Monday, April 13, 2015

boundaries, a speech

Glancing at the calendar I was surprised to see the spring trip is exactly three weeks away.  Preparations are complicated by the fact that I will be on an Eastern Shore/Baltimore/Bertha's Mussels/O's game road trip with my oldest daughter during the three days preceding the trip.  This means I will need to have Spartina packed and all the other gear stacked and ready to go about four days prior to setting sail.  I'll begin sorting gear and clothes later this week, pack the following week and organize the food in the days before heading to the St. Michels and Charm City.

For the Pamlico Sound sail I'll put in at Shawn's place in Hobucken and then head whichever way the wind will carry me, the unshaded area above being my sailing grounds.  I would like to make it to Ocracoke, if possible, but I would also be very happy visiting Wyesocking Bay, the Pungo River, Belhaven (lunch or dinner at Fish Hooks Cafe??), Mouse Harbor and the Bay River.  I've got plenty of open water, a good book and about six or seven days, I don't think I can go too far wrong.


Below you will find a speech by Webb Chiles, read for him at a meeting of the Ocean Cruising Club in England and read by him at a luncheon in Whangarei where he was awarded the organization's Jester Medal.  Congratulations to both Webb and the fine boat GANNETT.

       GANNET and I thank the Ocean Cruising Club for awarding us the Jester Medal for 2014.  That this is in a way from one small boat to another is especially pleasing.  
        I have never owned a boat larger than 37’, nor one costing more than a mid-priced car.  Yet I have owned three great boats, and two of them were small.  CHIDIOCK TICHBORNE, a Drascombe Lugger, an undecked 18’ yawl built in Devon; and GANNET, a 24’ ultralight Moore 24 sloop from California.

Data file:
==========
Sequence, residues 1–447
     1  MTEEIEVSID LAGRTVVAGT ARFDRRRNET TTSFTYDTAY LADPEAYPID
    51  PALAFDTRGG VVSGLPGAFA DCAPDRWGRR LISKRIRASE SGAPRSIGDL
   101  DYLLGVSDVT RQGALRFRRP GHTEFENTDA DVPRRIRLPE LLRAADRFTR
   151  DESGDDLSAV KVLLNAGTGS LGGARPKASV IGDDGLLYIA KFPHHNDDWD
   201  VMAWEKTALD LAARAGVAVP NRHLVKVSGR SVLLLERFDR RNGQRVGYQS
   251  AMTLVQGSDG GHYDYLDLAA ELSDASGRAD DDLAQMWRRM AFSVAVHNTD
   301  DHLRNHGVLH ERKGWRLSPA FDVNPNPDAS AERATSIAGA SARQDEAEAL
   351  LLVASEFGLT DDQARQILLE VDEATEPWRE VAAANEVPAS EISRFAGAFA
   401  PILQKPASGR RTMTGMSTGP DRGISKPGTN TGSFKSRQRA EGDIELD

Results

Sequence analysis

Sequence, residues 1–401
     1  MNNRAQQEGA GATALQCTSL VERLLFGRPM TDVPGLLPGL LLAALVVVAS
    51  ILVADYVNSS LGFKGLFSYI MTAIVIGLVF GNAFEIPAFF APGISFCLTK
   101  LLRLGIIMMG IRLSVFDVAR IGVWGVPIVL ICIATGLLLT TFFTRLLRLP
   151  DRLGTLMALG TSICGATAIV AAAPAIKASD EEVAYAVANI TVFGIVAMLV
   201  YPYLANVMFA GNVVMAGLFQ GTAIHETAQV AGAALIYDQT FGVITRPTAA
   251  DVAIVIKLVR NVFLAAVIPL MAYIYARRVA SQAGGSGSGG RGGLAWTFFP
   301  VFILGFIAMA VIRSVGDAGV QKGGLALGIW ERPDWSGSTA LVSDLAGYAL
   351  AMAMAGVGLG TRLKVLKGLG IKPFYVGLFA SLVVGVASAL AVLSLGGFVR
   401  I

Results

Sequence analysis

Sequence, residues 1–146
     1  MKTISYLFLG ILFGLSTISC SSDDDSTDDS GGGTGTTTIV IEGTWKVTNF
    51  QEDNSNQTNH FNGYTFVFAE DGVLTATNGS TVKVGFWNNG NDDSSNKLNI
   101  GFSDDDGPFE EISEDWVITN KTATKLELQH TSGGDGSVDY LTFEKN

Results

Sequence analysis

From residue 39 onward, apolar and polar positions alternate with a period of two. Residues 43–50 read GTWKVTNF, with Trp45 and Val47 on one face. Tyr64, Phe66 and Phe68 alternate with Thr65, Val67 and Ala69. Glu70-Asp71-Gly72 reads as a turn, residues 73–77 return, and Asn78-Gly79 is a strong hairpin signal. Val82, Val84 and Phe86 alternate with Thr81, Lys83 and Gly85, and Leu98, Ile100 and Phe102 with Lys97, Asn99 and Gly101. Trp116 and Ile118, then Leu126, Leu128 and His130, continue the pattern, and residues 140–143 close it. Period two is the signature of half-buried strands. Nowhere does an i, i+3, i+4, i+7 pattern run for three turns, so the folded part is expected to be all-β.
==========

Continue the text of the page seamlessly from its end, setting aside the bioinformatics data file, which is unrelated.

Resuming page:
I have great affection for small boats which are capable of far more than many expect, with an immediate and intimate experience of the sea—sometimes too intimate.  And as I learned while sailing CHIDIOCK TICHBORNE, once you arrive in port, the view is the same from an 18’ boat as one many times that size, and the mooring charges less.
        GANNET has only two feet of freeboard.  What I like to call her Great Cabin has little more than three free of headroom and a maximum beam of 7’2”.  I am a relatively tall man and can sit upright only on the cabin sole.
        Solving how to live in that space has been an interesting and satisfying exercise.  Thanks in part to technology—I carry more than three hundred books and six hundred albums of music in my iPhone and iPad mini, which are also my chart plotters, I can live indefinitely on GANNET and, by my standards, live well.  I can sail, write, read, listen to music, take photographs.  I can fit every important part of my life aboard, except Carol, my wife, who doesn’t want to fit aboard anyway.
        Once I likened CHIDIOCK TICHBORNE to a small, brave dog:  the terrier, if not the terror of the seas.  GANNET is perhaps most like her namesake birds who I enjoyed watching hunt in late afternoons from the mooring on which I kept my previous boat in The Bay of Islands:  beautiful and, as any who has seen them dive knows, capable of stunning acceleration.
        A sailor is an artist whose medium is the wind.  I wish all of you the joy of creating your own masterpieces.

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